The buzz surrounding reigning national champion Stevenson’s 15-14 overtime loss to the Rochester Institute of Technology on Saturday at the Carrier Dome in Syracuse, N.Y., was that the ending was steeped in controversy. But that's not how Mustangs coach Paul Cantabene saw it.
Stevenson won the faceoff to begin the extra session, but Tigers coach Jake Coon asked for a check on sophomore faceoff specialist Justin Buonomo's stick. Officials ruled that the stick was illegal, giving RIT a three-minute extra-man opportunity.
The Tigers – who lost to the Mustangs in last year’s NCAA tournament final – took advantage when senior midfielder Taylor Wisman converted a pass from senior attackman Jack Krzyston with 1:43 left in overtime. Before the game-winning goal, there was some dispute over whether Stevenson sophomore goalkeeper Dimitri Pecunes was pushed in the back.
Cantabene said he had no problem with the stick check on Buonomo.
“It’s got to be a legal stick,” he said Monday morning. “We shouldn’t have an issue with it, and it wasn’t [legal]. That’s a mistake on us and the player. We just can’t have it. That can’t be a part of the game there and we’ve got to be better than that. Our player’s got to know that. We talk about having legal sticks all the time, and that’s one of the silliest things we can do. But we’ll learn from it, and we’ll make sure that doesn’t happen again, that’s for sure.”
Cantabene said Pecunes was shoved, but he also maintained that the team can’t always rely on officials.
“There’s a lot of things that didn’t get called, and you’ve got to play through it and you can’t worry about what officials are calling,” he said. “You’ve got to play the game and be tougher than that. We should never have gotten to that point. There were plays that we needed to make beforehand and we just needed to make one of those plays in order to win the game and we didn’t make any of them.”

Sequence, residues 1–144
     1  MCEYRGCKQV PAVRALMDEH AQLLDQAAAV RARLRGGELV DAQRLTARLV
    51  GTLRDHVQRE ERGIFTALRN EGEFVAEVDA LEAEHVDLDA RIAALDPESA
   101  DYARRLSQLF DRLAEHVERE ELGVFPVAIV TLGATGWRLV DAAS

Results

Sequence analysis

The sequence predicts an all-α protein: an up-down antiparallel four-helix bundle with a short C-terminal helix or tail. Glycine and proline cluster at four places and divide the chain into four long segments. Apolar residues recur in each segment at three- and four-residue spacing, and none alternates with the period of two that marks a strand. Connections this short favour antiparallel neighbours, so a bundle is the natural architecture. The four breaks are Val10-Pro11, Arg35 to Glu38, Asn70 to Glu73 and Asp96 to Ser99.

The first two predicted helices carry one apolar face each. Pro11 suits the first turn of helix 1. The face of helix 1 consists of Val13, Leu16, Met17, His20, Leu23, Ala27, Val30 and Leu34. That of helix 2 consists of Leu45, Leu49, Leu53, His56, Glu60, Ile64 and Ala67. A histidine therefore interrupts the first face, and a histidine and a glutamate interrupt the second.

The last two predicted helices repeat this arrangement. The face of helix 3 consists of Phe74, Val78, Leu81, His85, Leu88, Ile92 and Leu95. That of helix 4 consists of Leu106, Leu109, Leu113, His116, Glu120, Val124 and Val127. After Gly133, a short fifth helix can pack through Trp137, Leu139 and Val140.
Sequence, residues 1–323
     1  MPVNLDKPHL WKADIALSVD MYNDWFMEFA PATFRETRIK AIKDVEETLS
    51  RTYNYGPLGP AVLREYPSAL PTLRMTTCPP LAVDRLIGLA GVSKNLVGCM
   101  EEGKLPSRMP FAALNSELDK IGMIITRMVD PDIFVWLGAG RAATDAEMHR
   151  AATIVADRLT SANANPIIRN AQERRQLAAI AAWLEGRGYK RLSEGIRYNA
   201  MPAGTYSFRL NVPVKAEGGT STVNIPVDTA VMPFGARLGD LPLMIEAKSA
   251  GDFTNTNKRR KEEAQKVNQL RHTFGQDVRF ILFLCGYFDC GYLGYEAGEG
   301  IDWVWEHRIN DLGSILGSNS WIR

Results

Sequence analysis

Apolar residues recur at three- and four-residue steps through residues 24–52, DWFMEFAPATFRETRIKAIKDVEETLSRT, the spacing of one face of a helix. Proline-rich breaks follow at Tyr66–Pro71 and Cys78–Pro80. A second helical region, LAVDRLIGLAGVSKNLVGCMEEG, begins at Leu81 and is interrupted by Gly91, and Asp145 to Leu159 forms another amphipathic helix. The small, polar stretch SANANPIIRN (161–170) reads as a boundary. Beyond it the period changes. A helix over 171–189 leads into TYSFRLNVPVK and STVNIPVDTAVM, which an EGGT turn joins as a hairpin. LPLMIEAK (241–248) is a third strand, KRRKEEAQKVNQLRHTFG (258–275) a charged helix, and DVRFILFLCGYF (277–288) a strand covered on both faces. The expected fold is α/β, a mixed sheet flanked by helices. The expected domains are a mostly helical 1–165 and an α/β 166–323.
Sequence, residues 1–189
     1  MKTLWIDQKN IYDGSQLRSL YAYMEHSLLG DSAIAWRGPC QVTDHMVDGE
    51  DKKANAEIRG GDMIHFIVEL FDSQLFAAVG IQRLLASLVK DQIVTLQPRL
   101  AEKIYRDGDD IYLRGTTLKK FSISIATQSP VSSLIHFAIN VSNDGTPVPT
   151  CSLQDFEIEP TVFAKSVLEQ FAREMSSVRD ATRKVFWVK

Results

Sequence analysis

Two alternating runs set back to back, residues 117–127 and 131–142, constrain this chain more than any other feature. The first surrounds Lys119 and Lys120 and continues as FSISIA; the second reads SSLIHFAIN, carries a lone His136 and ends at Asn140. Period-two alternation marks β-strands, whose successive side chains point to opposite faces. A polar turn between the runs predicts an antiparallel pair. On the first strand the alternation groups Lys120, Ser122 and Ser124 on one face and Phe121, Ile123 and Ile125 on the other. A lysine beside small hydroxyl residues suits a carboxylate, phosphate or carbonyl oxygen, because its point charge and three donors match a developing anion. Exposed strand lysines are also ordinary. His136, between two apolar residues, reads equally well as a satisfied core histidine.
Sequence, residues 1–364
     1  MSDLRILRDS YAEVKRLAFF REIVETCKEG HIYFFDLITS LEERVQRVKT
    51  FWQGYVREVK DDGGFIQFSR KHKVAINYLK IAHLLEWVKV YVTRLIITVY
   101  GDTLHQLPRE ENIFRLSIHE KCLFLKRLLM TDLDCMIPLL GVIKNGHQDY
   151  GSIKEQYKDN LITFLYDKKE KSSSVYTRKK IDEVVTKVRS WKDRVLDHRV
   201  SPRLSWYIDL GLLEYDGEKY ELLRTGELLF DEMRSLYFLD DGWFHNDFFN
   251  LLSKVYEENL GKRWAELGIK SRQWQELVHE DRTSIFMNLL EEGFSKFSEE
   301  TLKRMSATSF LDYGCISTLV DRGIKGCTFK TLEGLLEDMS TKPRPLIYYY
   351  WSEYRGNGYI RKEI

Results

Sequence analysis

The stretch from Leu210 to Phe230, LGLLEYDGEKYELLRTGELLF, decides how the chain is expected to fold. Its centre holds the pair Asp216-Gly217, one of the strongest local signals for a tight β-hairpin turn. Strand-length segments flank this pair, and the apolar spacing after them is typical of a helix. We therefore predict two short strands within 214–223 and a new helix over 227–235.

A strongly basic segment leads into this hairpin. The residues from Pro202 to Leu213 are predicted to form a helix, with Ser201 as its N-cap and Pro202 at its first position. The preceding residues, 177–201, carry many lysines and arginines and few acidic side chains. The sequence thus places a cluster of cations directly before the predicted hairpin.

Cantabene was referring to the final two minutes of regulation when the Mustangs had a 14-10 advantage, but squandered that lead. It was an unusual display for Stevenson, who demonstrated a knack for finishing off opponents en route to the last year’s NCAA title.
“They got some momentum, and we just didn’t do a good job,” he said. “I thought our guys didn’t handle that well. I thought we had some plays, but we made some poor passes to get out. If we make some of those, we would have won the game. The guys just didn’t make the right choices. We go over those things all the time in practice. We’re up two with two minutes or up one with one minute, we go through all of those situations, and I didn’t think we handled them extremely well. I thought we played a great game for 58 minutes. We executed everything. But we kind of collapsed in the last two minutes. We’ll learn from it and we’ll get back, and I think our guys understand what happened.”
The loss means that the Mustangs (1-1) will likely slip from their No. 1 ranking in the United States Intercollegiate Lacrosse Association preseason poll, and RIT (1-0) will move from No. 2 to No. 1. But Cantabene said he is not worried about the setback infecting the team.
“I think it’s going to impact us for the positive,” he said. “They understand what’s going on, and they’re pretty upset about it. In those situations, there’s got to be some accountability, and I think it’s going to happen. I don’t think it’s going to be a negative for us by any means. Again, this wasn’t a statement game or anything. This was their first game and our second game, and we’ve got to play the No.  team in the country [Western New England] this week. So we’ve got a lot of tough games ahead of us. We’re going to learn from this just like we learned from our first game. I thought we played a lot better from our first game to this game. We did a lot better, and our defense played a lot better at times even though we gave up 15 goals. Normally you wouldn’t say that, but that’s one of the best offensive teams we’re going to see, and we really did a great job for three-and-a-half quarters of guarding them.”